"There's no question that by setting a default you are setting policy," said Johnson, who published the results in a recent issue of the journal Science. "There's no such thing as a neutral default on the decision to donate."
Sheldon Zink, director of the Program for Transplant Policy and Ethics at the University of Pennsylvania in Philadelphia, agrees that changing the current sign-up system could help boost donor numbers, but she says making these changes is no simple task and needs to be done with care.
"Right now we're all over the board in terms of how people can sign up," she said. "The first thing we need to do is set up a national system that is consistent in every state and then we have to make sure everyone is making an informed decision."
Even though most states enlist donor volunteers when they sign up for their driver's licenses, few states share the same policies. In California, for example, a red dot on the back of a driver's license can indicate a person's willingness to donate their organs. In Virginia, people are asked to record a yes, no or undecided when it comes to donating their organs. And in 19 other states, people are not prompted to make any decision when signing up to receive their driver's licenses.
The nature of a donor's agreement also varies by state. In some, medical workers must also receive a go ahead from family members while in others, all that's needed is a person's explicit consent before their death.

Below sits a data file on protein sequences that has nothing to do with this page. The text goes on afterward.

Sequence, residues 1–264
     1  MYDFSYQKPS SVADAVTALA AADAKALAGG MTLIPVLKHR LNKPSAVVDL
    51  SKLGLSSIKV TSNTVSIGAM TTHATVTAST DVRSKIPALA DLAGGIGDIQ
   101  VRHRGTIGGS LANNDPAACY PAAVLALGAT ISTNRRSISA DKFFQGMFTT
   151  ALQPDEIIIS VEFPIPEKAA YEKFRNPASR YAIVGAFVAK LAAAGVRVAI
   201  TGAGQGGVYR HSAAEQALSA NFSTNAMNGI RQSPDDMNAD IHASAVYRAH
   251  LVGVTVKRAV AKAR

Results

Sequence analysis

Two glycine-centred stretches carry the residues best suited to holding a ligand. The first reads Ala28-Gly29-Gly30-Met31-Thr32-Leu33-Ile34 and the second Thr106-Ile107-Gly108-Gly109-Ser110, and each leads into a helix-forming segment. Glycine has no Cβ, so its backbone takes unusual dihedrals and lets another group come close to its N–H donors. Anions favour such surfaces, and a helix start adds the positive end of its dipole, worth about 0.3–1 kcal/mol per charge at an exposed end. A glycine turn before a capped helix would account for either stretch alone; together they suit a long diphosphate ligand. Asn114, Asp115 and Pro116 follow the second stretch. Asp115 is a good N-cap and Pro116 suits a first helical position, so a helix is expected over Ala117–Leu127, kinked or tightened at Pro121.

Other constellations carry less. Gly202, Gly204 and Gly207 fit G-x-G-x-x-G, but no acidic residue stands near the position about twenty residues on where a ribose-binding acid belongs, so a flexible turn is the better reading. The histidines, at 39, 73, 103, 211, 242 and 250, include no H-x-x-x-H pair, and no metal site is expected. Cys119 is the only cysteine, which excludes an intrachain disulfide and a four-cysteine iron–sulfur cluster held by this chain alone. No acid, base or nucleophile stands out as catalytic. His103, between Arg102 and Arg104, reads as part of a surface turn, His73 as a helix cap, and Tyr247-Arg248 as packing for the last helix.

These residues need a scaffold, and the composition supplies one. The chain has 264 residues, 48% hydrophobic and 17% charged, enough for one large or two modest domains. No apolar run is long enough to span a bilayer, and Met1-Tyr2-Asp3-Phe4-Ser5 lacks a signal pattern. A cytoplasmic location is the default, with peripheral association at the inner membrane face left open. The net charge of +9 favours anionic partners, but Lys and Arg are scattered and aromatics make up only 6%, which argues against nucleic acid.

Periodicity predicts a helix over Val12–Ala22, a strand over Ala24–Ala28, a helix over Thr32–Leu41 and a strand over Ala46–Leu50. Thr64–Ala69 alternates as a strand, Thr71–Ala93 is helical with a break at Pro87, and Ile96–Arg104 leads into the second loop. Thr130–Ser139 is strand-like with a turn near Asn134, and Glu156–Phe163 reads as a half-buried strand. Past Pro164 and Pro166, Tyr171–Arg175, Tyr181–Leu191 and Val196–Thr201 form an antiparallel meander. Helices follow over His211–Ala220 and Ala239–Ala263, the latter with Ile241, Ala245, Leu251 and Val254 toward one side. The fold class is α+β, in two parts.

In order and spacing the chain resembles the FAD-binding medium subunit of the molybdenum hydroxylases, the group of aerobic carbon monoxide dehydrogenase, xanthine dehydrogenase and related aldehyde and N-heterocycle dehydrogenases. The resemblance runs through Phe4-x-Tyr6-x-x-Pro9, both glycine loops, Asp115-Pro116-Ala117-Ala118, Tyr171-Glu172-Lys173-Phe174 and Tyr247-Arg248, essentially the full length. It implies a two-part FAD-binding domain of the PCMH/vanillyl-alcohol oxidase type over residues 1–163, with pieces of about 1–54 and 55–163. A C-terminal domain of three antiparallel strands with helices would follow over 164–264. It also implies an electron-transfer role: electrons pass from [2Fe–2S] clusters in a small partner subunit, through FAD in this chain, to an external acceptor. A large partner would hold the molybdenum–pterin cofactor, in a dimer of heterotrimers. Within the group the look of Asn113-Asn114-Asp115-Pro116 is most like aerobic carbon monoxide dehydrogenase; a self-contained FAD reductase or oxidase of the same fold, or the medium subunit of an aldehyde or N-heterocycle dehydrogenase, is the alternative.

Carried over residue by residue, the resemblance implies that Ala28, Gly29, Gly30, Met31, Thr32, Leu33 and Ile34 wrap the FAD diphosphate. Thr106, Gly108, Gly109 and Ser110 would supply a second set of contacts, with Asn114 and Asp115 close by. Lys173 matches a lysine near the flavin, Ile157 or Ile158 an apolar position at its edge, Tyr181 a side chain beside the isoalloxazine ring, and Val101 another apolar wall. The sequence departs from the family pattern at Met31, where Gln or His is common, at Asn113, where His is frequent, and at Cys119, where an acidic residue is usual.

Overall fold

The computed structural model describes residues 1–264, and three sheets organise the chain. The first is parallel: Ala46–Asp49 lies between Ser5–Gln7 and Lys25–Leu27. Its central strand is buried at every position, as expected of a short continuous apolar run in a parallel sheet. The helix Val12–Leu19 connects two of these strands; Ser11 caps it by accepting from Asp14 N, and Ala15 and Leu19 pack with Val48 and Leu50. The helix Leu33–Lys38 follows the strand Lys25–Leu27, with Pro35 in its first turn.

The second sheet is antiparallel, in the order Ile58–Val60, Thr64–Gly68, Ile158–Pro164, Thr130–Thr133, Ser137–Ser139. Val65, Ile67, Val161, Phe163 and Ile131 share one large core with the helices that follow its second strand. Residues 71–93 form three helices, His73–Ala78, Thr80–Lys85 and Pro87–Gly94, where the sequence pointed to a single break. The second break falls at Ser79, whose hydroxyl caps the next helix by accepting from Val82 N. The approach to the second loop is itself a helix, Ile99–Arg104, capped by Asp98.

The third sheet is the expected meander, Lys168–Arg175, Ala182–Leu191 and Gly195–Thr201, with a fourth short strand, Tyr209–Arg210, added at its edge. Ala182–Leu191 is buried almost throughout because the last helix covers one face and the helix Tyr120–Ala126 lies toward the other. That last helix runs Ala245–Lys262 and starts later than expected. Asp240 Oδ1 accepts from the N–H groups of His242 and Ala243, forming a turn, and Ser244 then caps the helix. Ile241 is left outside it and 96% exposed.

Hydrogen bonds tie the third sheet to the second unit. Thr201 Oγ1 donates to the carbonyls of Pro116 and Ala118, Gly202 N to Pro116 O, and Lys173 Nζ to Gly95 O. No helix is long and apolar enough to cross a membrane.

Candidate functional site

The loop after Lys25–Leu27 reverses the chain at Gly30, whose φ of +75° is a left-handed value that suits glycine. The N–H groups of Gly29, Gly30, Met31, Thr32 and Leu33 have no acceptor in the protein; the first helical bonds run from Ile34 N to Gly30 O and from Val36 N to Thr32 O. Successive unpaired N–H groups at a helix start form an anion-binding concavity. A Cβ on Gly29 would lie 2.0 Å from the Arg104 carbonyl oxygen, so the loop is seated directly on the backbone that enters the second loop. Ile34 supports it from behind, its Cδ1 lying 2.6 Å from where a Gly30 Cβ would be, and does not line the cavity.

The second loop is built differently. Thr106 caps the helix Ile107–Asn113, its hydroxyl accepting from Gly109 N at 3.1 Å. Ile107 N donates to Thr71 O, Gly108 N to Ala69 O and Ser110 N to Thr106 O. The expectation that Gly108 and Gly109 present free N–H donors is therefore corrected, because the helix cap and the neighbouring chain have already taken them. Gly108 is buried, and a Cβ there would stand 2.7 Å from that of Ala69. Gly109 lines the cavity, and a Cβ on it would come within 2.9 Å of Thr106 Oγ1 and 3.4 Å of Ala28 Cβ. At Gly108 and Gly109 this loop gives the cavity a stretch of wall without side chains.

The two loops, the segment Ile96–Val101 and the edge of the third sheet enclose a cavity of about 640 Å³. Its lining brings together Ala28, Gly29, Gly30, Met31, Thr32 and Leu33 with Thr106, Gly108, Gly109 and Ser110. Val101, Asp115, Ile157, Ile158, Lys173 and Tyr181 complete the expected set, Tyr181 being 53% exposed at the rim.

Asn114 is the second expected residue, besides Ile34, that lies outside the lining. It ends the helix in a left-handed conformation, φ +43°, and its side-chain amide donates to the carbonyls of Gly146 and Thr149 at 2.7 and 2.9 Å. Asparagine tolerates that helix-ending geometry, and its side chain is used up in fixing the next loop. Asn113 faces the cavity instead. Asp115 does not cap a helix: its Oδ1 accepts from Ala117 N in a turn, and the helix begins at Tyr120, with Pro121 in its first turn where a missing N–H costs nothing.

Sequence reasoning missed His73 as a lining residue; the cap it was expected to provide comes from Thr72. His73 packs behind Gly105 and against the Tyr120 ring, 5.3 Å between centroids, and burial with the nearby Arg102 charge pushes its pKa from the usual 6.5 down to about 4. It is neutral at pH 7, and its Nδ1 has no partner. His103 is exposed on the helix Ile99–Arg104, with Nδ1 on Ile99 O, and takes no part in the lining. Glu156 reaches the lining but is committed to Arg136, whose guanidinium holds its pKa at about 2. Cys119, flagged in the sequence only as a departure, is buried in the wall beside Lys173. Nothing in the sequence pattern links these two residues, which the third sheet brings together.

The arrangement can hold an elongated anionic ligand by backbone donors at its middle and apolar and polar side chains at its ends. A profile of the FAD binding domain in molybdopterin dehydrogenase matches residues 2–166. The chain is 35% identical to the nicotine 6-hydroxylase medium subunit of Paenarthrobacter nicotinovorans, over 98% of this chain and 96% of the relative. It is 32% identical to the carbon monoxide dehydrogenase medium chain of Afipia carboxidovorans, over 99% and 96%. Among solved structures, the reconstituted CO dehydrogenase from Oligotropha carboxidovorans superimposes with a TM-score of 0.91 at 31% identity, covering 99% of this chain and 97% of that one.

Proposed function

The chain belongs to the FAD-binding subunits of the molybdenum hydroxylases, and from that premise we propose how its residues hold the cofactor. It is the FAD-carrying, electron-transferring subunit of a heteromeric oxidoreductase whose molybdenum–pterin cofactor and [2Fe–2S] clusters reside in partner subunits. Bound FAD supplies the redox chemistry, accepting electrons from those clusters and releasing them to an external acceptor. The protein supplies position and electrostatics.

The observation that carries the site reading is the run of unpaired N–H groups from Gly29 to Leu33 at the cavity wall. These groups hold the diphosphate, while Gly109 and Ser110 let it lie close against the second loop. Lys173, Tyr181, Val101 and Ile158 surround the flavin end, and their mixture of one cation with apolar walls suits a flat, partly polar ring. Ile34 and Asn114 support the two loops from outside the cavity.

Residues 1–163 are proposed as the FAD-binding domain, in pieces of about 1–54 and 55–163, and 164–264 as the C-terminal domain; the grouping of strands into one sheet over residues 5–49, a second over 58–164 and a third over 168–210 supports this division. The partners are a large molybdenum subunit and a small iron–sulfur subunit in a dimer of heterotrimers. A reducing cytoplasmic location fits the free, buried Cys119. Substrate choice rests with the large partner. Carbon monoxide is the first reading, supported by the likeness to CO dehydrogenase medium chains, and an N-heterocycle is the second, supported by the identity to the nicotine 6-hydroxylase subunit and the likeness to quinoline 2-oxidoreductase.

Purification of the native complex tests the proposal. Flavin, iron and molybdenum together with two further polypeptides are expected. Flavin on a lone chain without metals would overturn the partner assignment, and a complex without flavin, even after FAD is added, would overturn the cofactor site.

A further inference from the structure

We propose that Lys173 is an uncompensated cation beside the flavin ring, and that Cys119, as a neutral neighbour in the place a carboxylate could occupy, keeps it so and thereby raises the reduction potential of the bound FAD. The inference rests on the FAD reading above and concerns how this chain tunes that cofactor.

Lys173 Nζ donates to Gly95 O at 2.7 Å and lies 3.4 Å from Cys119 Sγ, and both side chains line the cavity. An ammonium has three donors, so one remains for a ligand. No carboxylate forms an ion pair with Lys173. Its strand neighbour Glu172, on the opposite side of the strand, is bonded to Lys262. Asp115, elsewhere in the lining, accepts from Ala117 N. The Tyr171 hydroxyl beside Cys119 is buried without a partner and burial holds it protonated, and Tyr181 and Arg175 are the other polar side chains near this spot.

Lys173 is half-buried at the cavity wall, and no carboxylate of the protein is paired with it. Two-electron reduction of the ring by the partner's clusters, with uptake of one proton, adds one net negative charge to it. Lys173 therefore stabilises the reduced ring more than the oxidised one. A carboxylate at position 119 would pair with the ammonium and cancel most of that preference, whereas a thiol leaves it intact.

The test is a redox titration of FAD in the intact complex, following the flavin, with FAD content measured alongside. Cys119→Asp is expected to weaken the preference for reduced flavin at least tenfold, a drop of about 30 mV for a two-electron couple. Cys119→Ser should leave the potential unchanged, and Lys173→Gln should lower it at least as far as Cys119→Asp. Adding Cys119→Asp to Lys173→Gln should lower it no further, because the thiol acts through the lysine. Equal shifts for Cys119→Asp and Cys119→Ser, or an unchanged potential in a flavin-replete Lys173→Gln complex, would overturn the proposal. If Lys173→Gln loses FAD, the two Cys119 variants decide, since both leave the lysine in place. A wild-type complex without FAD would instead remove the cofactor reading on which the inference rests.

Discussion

As a Catholic, the Rev. Robert Finn has his own concerns. He points out that according to Catholic doctrine, organ donation after death "is a noble and meritorious act and is to be encouraged." But he argues people must be vigilant about when they declare a person is indeed dead.
Most organ donations take place after a patient has shown irreversible loss of all brain activity. But in some 2 percent of cases, the call is made after life support is taken away and the heart stops beating for a given period of time (usually five minutes).
"We don't think there is sufficient assurance that the person is dead," said Finn, who is editor of the St. Louis Review, the newspaper of the Roman Catholic Archdiocese of St. Louis.
These are the kinds of thorny questions that Zink thinks it's time Americans tackled on a national level. Just as President Bush's policy on stem-cell research has launched a national discussion on the issue, a movement to create a standard system could prompt more Americans to start thinking about organ donation and how donors should be enlisted.
Greisling, who is now walking, doing errands and bowling without the aid of oxygen, says he's hopeful that when people take the time to think carefully about organ donation, most will be willing to volunteer. After receiving his new lung, Greisling immediately wrote the family of the donor to thank them. He recently got a reply from the mother.
"She apologized for not writing me back sooner, but every time she sat down to write she'd cry," he said. "She said her son, Randy, was a wrestler, a popular student and a prince. She was sure this is the kind of thing he'd want to do."